Decolonising Korean geopolitics: the genealogy of the 'geopolitics of the Peninsula'

  • Lee, J. (Speaker)
  • Yong-Hyuk Cho (Speaker)

Activity: Talk or presentationOral presentationResearch

Description

This study seeks to reveal the genealogy of the ‘geopolitics of the Peninsula’ circulated in contemporary Korean society. The geopolitics of the Peninsula refers to the positioning of the Korean Peninsula between land power and sea power based on its geographical characteristics. This discourse has influenced in shaping the geopolitical imaginations of Korean society, ranging from foreign policies to popular culture. Originally, the geopolitics of the Peninsula is based on the naturalised geopolitics as a primitive form of Western geopolitics. Naturalised geopolitics was introduced to Colonial Joseon through Imperial Japan which imported Western geopolitics since the 1930s, and contextualised in the geographical characteristics of the peninsula. Despite the collapse of Imperial Japan, the geopolitics of the Peninsula as a colonial knowledge became entrenched as geographical knowledge that explains the inter-Korean division and the Cold War system by combining with the ideological structure of the Cold War. It implies that Korea failed to escape from colonial epistemology while having moved away from colonial rule. To trace the genealogy of the geopolitics of the Peninsula, this study seeks to uncover the process through which it has acquired socio-political meaning by critically engaging in the writings of those who have training in geography. In conclusion, this study locates the geopolitical strategy of the Yoon Seok Yul government in the genealogy of the geopolitics of the Peninsula. By connecting the South Korea's contemporary geostrategy with classical geopolitics, this study will highlight the danger of the geopolitics of the Peninsula that amplifies geopolitical fear while interacting with anti-communist populism. By doing so, this study emphasises to Korean geographers the ‘geography of responsibilities’ which decolonises the geopolitics of the Peninsula and expands democratic space by discovering local geopolitical imaginations against it.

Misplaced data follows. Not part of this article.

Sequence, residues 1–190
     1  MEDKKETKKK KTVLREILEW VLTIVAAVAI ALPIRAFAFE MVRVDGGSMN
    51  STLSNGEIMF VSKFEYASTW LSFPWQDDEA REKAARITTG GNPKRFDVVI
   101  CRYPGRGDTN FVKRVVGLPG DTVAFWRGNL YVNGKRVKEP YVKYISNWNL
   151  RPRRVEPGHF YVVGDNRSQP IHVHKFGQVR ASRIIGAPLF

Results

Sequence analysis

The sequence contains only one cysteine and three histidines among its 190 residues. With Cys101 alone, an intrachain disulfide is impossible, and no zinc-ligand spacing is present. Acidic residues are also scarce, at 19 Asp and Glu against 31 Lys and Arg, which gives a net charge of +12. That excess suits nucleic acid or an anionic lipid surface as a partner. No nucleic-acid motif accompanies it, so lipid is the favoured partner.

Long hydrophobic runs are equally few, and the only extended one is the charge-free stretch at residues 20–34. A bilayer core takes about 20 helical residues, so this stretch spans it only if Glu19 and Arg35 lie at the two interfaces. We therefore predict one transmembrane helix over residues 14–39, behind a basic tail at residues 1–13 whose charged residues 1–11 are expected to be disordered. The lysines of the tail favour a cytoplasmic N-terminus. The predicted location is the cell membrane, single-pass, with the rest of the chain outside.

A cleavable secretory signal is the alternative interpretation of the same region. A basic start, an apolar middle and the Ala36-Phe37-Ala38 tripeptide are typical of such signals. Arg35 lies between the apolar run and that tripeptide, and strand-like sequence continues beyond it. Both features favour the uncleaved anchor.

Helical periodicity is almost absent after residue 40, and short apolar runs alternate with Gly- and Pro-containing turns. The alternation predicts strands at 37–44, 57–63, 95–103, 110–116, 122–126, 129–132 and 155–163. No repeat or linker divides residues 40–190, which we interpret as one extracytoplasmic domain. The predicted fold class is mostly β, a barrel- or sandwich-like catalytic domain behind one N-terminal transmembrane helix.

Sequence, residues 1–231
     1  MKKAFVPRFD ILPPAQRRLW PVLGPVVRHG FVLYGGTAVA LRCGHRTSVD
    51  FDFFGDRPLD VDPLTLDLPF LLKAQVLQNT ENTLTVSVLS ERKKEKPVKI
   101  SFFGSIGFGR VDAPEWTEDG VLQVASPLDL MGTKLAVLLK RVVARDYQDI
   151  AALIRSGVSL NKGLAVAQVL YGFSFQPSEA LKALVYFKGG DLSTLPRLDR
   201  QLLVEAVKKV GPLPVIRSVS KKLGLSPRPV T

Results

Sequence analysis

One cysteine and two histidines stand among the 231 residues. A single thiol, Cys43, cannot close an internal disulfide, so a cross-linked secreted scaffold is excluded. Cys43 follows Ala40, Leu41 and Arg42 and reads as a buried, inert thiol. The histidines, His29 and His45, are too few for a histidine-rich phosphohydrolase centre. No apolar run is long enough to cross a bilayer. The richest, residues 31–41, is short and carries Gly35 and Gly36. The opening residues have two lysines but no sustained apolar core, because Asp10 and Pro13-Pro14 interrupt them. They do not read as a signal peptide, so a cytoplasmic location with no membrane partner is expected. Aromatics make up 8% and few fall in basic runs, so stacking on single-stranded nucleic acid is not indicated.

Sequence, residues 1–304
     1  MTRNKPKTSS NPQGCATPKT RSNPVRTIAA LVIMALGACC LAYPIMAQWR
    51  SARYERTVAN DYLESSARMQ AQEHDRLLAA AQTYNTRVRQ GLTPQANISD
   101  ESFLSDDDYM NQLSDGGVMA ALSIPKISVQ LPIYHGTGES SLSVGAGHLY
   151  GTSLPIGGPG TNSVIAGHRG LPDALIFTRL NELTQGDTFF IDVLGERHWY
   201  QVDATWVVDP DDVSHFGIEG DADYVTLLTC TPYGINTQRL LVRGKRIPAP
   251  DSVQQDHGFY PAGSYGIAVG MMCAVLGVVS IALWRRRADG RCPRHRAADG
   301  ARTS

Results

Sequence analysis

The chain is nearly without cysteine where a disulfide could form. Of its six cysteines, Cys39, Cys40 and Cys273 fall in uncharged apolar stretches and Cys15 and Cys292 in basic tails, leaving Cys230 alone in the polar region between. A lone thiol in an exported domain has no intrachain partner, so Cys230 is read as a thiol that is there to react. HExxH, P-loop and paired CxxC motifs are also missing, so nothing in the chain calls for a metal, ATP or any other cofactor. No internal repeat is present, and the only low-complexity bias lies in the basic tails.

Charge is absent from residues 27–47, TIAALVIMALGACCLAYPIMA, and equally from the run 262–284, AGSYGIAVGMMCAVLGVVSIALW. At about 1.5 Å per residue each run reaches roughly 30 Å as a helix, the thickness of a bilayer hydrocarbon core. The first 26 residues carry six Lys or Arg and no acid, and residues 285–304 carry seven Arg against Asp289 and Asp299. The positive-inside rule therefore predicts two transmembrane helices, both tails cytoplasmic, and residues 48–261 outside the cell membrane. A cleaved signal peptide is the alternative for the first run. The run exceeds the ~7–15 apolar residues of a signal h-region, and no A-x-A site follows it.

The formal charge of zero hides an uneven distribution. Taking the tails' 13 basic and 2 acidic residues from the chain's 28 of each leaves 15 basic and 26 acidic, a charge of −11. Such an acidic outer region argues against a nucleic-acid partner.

Period23 Jun 202324 Jun 2023
Held atThe Korean Geographical Society, Korea, Republic of
Degree of RecognitionNational